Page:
While there’s certainly no indication that the red hot housing market in the GTA is set to experience a major crash, real estate associations say that December 2018 was a particularly weak month for home sales across the country.
According to a recent Canadian Real Estate Association (CREA) report, national home sales fell 2.5 per cent from November to December. That indicates that actual (not seasonally adjusted) activity was down by 19 per cent from one year ago, meaning that December 2018 posted the weakest annual sales since 2012.
Prices are down across the country as well.
Although the MLS Home Price Index (HPI) was up 1.6 per cent year-over-year in December, the national average sale price fell by 4.9 per cent.
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Graphic courtesy of CREA
“Monthly declines in activity since September have fully retrenched its summer rally and returned it near the lowest level since early 2013,” the report says.
While this sounds alarming, it’s important to remember two things: December is known for weak sales in the real estate world (few people want to focus on buying or selling a home during the busy holiday season), and more people than usual were rushing to purchase homes in December 2017 to beat the federally-implemented OSFI stress test.
For those who are unaware, the OSFI stress test was imposed to cool the housing market after prices skyrocketed in winter 2017. The test requires prospective buyers to qualify at higher interest rates than what they’ll ultimately be paying, essentially making it harder for Canadians to take on too much household debt.
The stress test and the timing didn’t help matters in Brampton.
“They call it the holiday ‘dead zone’- the month of December is typically the slowest on the calendar for real estate sales and this year was no exception, with declines in activity recorded across the Halton, Mississauga, and Brampton regions,” says Penelope Graham, managing editor with real estate brokerage Zoocasa.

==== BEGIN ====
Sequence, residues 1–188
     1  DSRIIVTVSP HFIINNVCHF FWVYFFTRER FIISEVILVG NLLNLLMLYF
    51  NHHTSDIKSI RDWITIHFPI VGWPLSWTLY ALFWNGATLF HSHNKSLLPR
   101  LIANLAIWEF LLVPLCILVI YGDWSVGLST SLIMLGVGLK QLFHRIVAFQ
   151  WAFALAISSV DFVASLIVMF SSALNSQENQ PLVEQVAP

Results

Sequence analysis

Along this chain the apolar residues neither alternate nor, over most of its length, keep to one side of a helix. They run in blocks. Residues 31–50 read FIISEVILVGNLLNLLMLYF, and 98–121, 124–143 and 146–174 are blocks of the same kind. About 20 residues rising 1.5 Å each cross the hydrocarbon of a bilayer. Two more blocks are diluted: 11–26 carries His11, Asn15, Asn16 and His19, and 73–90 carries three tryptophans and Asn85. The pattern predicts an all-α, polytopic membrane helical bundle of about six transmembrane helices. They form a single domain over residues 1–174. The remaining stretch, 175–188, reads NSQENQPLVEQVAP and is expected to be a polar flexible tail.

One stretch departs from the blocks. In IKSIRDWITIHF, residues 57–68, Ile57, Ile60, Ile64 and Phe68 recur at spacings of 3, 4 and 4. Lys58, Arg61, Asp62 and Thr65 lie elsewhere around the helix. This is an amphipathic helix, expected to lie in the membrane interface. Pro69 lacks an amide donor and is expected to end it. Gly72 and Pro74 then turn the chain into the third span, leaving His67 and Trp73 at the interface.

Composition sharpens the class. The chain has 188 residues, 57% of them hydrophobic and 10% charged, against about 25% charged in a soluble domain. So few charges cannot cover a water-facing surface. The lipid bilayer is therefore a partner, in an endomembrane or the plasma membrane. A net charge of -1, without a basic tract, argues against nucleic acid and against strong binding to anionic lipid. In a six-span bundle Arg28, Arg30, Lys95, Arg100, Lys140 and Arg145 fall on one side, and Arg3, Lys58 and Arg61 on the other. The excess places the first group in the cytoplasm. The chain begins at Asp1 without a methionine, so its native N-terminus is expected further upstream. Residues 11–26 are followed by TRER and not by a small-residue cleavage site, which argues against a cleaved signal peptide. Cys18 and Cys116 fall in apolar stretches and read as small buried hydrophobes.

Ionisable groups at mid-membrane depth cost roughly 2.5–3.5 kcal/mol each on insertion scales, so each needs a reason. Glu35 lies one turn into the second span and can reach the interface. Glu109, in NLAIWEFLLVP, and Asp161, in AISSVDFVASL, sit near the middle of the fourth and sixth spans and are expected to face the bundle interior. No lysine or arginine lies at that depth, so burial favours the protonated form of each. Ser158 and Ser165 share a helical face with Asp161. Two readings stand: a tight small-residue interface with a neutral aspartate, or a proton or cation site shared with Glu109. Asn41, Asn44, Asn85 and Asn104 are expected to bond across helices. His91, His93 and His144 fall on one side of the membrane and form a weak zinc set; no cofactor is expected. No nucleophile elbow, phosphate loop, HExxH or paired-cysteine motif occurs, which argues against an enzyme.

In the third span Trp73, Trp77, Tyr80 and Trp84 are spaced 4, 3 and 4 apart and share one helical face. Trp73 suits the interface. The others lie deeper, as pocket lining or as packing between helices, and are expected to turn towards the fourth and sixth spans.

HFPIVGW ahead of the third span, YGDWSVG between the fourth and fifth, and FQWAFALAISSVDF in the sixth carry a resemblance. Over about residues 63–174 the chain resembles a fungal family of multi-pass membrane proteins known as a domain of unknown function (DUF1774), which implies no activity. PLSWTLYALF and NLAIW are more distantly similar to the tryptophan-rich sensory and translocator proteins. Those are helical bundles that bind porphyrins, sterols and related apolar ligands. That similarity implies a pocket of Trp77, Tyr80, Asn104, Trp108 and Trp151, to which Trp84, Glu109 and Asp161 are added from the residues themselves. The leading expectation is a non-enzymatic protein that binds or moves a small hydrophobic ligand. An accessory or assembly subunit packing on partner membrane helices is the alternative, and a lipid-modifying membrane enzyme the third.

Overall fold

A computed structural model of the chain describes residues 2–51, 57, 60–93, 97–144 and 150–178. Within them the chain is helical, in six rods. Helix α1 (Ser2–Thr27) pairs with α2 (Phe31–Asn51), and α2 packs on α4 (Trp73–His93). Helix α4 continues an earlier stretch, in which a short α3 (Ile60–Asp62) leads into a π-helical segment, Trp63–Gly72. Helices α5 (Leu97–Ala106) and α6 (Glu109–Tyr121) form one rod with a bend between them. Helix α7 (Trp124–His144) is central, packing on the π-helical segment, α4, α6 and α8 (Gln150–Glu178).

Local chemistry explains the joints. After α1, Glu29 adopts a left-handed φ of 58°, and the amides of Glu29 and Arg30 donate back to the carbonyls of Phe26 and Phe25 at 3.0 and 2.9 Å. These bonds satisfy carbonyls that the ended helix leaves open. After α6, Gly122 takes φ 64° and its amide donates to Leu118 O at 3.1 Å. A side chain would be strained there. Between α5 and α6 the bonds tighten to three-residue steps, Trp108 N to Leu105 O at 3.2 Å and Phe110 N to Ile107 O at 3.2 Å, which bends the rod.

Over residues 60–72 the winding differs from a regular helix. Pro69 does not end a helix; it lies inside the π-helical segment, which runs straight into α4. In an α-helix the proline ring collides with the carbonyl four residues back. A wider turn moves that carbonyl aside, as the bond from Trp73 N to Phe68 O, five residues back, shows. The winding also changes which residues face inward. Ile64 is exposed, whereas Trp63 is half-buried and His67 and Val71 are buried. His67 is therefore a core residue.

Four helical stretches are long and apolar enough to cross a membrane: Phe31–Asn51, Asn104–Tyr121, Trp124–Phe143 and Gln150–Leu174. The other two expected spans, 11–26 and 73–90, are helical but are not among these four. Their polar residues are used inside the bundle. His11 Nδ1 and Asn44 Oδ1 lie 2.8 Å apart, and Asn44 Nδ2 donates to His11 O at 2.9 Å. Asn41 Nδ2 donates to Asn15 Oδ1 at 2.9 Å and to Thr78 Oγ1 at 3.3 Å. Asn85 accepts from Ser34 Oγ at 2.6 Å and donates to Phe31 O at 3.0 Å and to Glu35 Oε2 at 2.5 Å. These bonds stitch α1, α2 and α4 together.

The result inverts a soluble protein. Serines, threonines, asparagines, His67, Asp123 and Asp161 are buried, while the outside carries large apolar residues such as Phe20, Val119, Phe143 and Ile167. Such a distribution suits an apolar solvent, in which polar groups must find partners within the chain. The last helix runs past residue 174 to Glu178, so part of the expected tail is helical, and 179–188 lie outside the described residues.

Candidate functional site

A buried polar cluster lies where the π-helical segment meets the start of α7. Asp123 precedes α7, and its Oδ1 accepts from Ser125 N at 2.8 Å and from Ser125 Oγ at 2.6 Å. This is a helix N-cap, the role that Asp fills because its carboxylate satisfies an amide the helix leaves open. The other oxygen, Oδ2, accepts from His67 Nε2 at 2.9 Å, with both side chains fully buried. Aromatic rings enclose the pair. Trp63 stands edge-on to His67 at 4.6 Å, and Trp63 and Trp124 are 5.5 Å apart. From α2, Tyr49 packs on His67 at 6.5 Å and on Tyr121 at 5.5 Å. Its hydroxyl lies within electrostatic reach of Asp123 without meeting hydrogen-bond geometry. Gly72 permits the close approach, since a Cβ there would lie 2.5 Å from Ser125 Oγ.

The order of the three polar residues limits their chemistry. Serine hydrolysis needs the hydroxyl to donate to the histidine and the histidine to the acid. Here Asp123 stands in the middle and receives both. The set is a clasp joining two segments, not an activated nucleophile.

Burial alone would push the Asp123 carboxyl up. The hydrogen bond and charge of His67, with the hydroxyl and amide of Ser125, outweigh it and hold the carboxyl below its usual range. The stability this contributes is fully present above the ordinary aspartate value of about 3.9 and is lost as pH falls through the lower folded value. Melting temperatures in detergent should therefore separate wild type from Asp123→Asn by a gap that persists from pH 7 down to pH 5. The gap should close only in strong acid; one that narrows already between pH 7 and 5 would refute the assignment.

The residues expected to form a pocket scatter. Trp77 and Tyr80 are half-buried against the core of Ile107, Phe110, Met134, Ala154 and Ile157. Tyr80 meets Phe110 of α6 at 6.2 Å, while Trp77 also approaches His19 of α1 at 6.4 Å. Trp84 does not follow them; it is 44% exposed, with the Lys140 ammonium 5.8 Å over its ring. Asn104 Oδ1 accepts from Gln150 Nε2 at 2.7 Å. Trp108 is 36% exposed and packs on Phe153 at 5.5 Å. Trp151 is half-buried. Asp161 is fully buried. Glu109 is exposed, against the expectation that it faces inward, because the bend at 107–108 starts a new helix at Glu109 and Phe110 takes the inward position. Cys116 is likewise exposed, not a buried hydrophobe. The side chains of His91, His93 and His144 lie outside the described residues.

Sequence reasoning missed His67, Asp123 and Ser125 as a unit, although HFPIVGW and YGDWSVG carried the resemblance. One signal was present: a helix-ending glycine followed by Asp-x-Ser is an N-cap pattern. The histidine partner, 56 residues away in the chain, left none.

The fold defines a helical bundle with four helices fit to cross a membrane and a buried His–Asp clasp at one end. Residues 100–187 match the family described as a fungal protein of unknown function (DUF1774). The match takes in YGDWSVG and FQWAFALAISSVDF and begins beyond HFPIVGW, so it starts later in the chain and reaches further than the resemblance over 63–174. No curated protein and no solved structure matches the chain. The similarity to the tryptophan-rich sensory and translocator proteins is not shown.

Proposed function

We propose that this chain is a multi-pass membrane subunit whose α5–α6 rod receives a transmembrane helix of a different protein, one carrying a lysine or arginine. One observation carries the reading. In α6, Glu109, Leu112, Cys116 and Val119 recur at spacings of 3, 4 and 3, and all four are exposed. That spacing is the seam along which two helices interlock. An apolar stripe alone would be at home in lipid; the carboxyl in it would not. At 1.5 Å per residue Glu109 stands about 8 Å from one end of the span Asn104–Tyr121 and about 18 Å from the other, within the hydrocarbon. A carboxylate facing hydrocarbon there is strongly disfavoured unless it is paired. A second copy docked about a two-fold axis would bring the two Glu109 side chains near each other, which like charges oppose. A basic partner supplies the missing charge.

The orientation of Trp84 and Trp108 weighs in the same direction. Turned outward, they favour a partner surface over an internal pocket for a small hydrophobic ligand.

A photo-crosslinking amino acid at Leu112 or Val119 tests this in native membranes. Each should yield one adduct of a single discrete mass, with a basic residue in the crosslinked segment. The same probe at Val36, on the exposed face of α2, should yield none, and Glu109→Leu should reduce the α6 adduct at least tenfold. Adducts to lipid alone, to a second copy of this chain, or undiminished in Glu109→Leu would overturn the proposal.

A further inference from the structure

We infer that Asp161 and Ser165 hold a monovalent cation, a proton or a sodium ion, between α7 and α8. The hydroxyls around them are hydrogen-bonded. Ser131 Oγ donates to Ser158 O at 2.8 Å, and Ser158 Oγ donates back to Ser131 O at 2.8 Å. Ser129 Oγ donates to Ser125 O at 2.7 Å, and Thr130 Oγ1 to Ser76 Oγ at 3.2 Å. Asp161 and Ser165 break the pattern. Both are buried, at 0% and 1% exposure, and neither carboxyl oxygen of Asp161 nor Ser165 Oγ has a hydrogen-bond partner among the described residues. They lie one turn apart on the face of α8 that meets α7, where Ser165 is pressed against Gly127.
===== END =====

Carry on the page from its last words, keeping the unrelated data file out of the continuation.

CREA says activity was down 19 per cent year-over-year in December 2018 and stood almost 12 per cent below the 10-year average for the month of December.
“Sales were down from year-ago levels in three-quarters of all local markets, led overwhelmingly by the Lower Mainland of British Columbia, the Okanagan Region, Calgary, Edmonton, the Greater Toronto Area and Hamilton-Burlington,” the report reads.
The year-over-year difference was stark.
“What a difference a year makes,” said CREA President Barb Sukkau. “Sales trends were pushed higher in December 2017 by home buyers rushing to purchase before the new federal mortgage stress-test took effect at the beginning of 2018. Since then, the stress-test has weighed on sales to varying degrees in all Canadian housing markets and it will continue to do so this year.”
The housing market isn’t expected to become more robust in the near future.
“The Bank of Canada recently said that it expects housing activity will stay ‘soft’ as households ‘adjust to the mortgage stress-test and increases in mortgage rates,’ even as jobs and incomes continue growing,” said Gregory Klump, CREA’s Chief Economist.
“Indeed, the Bank’s economic forecast shows it expects housing will undermine economic growth this year as the mortgage stress test has pushed home ownership affordability out of reach for some home buyers.”
As far as inventory goes, CREA says the number of newly listed homes remained little changed (+0.2 per cent) from November to December, with declines in close to half of all local markets offset by gains in the remainder.
While recent data indicates that Brampton is a seller’s market, other markets are more balanced. According to CREA, about two-thirds of all local markets were in balanced market territory in December 2018.
In Ontario, low inventory (lack of available housing) remains a persistent problem.
So, what home types are increasing in value? Not surprisingly, CREA says apartment/condo units posted the largest year-over-year price gains in December (+4.9 per cent), followed by townhouse/row units (+3.1 per cent).
By comparison, two-storey single-family homes posted a small increase (+0.4 per cent) while one-storey single-family home prices eased slightly (-0.3 per cent).
HPI benchmark home prices were up from year-ago levels in a number of Greater Golden Horseshoe municipalities, including Guelph (+6.8 per cent), the Niagara Region (+6.8 per cent), Hamilton-Burlington (+6.4 per cent), Oakville-Milton (+3.3 per cent) and the GTA (+3 per cent).
Home prices in Barrie and District remain slightly below year-ago levels (-1.1 per cent).
The actual (not seasonally adjusted) national average price for homes sold in December 2018 was just over $472,000, down 4.9 per cent from the same month in 2017.
That said, Canadians should note that the national average price is heavily skewed by sales in Vancouver and Toronto and their satellite cities, as they remain two of Canada’s most active and expensive markets.
Excluding these two markets from calculations cuts almost $100,000 from the national average price, trimming it to just under $375,000.
It’ll be interesting to see how the market fares in 2019.